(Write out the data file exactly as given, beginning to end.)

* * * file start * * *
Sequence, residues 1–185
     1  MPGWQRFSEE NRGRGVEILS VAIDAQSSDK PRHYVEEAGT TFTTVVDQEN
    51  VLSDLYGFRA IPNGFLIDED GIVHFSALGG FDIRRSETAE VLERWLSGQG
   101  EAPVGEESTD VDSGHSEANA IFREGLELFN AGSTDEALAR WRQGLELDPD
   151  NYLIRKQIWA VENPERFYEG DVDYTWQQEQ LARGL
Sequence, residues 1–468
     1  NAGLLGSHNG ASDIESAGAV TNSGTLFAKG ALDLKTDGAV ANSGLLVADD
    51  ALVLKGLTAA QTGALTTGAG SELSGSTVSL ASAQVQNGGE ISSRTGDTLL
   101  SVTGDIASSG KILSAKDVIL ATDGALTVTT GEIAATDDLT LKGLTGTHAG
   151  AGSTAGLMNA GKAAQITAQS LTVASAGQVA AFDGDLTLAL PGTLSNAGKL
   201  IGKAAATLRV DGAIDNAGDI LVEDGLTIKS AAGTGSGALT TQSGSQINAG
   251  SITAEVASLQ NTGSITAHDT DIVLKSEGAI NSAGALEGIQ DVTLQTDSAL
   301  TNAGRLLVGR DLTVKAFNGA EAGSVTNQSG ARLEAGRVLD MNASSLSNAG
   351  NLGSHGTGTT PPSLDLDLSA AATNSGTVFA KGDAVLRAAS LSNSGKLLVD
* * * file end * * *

Sequence, residues 1–185
     1  MPGWQRFSEE NRGRGVEILS VAIDAQSSDK PRHYVEEAGT TFTTVVDQEN
    51  VLSDLYGFRA IPNGFLIDED GIVHFSALGG FDIRRSETAE VLERWLSGQG
   101  EAPVGEESTD VDSGHSEANA IFREGLELFN AGSTDEALAR WRQGLELDPD
   151  NYLIRKQIWA VENPERFYEG DVDYTWQQEQ LARGL
Sequence, residues 1–468
     1  NAGLLGSHNG ASDIESAGAV TNSGTLFAKG ALDLKTDGAV ANSGLLVADD
    51  ALVLKGLTAA QTGALTTGAG SELSGSTVSL ASAQVQNGGE ISSRTGDTLL
   101  SVTGDIASSG KILSAKDVIL ATDGALTVTT GEIAATDDLT LKGLTGTHAG
   151  AGSTAGLMNA GKAAQITAQS LTVASAGQVA AFDGDLTLAL PGTLSNAGKL
   201  IGKAAATLRV DGAIDNAGDI LVEDGLTIKS AAGTGSGALT TQSGSQINAG
   251  SITAEVASLQ NTGSITAHDT DIVLKSEGAI NSAGALEGIQ DVTLQTDSAL
   301  TNAGRLLVGR DLTVKAFNGA EAGSVTNQSG ARLEAGRVLD MNASSLSNAG
   351  NLGSHGTGTT PPSLDLDLSA AATNSGTVFA KGDAVLRAAS LSNSGKLLVD